Human trafficking is becoming the fastest growing criminal activity in the world. Generally, trafficking is defined as the transportation of persons across international borders for labor purposes, by means of force, fraud, or coercion. Commerce directly related to human slavery yields approximately $7-$10 billion a year, trailing only behind drugs and weapons trade for international profit. According to recent congressional findings, over 700,000 human beings are trafficked across international borders each year, including approximately 50,000 women and children into the United States. Women and girl children are the primary targets for sexual exploitation into prostitution, pornography, sex tourism, and other commercial sex activities. Police authorities readily admit that their estimates regarding the volume of victims are conservative. These facts are a stark indication that the problem of human slavery is immediate, large, and local.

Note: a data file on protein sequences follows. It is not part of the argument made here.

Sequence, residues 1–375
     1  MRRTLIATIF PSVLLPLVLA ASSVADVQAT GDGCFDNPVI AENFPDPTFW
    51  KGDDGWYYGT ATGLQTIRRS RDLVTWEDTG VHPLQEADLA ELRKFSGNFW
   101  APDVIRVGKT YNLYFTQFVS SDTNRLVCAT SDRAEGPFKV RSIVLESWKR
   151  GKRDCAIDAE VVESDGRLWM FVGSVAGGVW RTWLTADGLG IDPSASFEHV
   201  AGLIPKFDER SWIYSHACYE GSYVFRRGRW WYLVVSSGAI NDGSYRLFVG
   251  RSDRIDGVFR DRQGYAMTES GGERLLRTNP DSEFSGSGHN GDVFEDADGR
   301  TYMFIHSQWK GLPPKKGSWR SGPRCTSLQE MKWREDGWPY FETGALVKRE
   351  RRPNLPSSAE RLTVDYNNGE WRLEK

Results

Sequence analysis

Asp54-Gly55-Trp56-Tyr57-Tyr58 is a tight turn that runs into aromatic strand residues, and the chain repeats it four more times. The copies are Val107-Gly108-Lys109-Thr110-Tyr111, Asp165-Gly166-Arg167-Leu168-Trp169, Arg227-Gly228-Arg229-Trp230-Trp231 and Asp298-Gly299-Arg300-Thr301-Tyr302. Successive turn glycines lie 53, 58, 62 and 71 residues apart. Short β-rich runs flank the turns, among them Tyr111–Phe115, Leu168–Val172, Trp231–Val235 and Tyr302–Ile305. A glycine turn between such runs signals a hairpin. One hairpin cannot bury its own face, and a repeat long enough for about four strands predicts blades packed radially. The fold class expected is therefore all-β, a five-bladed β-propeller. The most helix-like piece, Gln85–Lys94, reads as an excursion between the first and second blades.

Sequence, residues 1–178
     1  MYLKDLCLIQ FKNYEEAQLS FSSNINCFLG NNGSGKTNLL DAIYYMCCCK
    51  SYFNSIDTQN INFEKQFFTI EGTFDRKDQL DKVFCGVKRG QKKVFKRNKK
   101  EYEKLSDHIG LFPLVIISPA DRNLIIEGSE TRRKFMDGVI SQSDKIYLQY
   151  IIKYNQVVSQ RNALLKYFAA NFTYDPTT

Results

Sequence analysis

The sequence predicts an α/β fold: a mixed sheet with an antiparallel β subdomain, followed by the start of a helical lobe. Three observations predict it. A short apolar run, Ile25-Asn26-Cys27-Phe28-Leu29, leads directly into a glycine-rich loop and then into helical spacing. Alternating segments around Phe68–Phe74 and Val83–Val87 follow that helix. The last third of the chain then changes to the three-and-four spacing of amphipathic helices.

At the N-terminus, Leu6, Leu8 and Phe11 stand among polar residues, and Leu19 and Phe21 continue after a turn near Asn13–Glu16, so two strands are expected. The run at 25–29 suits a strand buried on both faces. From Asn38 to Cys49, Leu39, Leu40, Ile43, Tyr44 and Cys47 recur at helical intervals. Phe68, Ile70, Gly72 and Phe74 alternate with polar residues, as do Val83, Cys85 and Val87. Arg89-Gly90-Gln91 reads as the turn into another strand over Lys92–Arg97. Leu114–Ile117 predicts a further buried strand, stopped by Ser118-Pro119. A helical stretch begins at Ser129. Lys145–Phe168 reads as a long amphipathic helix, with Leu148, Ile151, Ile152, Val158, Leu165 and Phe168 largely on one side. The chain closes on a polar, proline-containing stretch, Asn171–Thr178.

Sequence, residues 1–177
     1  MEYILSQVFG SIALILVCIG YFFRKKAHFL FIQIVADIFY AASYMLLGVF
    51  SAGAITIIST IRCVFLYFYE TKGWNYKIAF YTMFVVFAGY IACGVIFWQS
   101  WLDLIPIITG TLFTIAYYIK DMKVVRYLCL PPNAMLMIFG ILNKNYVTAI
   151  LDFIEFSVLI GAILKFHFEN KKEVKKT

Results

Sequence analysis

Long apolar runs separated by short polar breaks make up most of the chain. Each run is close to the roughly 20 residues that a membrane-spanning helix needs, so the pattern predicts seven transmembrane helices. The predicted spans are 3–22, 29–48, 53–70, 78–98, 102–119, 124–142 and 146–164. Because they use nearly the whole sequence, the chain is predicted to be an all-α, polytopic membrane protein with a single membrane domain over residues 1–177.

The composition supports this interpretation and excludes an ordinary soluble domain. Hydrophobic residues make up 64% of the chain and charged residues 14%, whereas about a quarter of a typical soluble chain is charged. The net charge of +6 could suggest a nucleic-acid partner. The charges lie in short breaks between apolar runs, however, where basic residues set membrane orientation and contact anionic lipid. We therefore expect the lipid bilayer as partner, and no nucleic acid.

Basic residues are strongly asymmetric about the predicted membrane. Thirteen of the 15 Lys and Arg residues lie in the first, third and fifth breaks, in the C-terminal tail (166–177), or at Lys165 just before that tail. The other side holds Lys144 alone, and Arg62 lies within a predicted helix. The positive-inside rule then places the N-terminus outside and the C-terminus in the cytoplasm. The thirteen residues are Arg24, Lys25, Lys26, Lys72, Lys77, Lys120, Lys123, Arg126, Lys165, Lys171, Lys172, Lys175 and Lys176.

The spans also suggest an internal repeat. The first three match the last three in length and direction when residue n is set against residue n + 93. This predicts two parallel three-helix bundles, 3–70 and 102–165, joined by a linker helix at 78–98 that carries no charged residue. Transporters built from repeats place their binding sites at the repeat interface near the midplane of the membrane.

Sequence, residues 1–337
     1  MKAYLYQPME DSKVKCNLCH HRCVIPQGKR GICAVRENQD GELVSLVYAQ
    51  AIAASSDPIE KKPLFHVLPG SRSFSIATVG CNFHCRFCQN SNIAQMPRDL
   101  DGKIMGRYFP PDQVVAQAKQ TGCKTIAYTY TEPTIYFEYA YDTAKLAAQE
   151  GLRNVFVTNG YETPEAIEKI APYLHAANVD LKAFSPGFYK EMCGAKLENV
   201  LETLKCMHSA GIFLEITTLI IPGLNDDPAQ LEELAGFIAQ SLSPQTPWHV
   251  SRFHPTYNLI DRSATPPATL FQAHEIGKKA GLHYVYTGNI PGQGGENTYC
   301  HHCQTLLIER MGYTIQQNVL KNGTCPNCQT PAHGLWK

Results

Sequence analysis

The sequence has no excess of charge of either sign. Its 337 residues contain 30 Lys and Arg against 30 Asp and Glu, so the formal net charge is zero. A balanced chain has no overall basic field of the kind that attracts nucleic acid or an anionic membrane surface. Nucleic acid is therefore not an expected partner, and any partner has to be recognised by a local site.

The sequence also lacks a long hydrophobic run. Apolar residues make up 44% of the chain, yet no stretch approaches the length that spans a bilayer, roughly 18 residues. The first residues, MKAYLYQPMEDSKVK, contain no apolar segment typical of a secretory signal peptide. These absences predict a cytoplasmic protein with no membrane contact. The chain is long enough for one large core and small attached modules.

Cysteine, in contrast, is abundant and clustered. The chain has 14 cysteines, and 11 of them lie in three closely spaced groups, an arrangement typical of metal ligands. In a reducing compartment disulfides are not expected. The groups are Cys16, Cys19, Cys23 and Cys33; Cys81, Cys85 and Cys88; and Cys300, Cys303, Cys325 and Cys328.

Global Sex Trafficking and the Trafficking Victims Protection Act of 2000: Legislative Responses to the Problem of Modern Slavery,
Mich. J. Gender & L.
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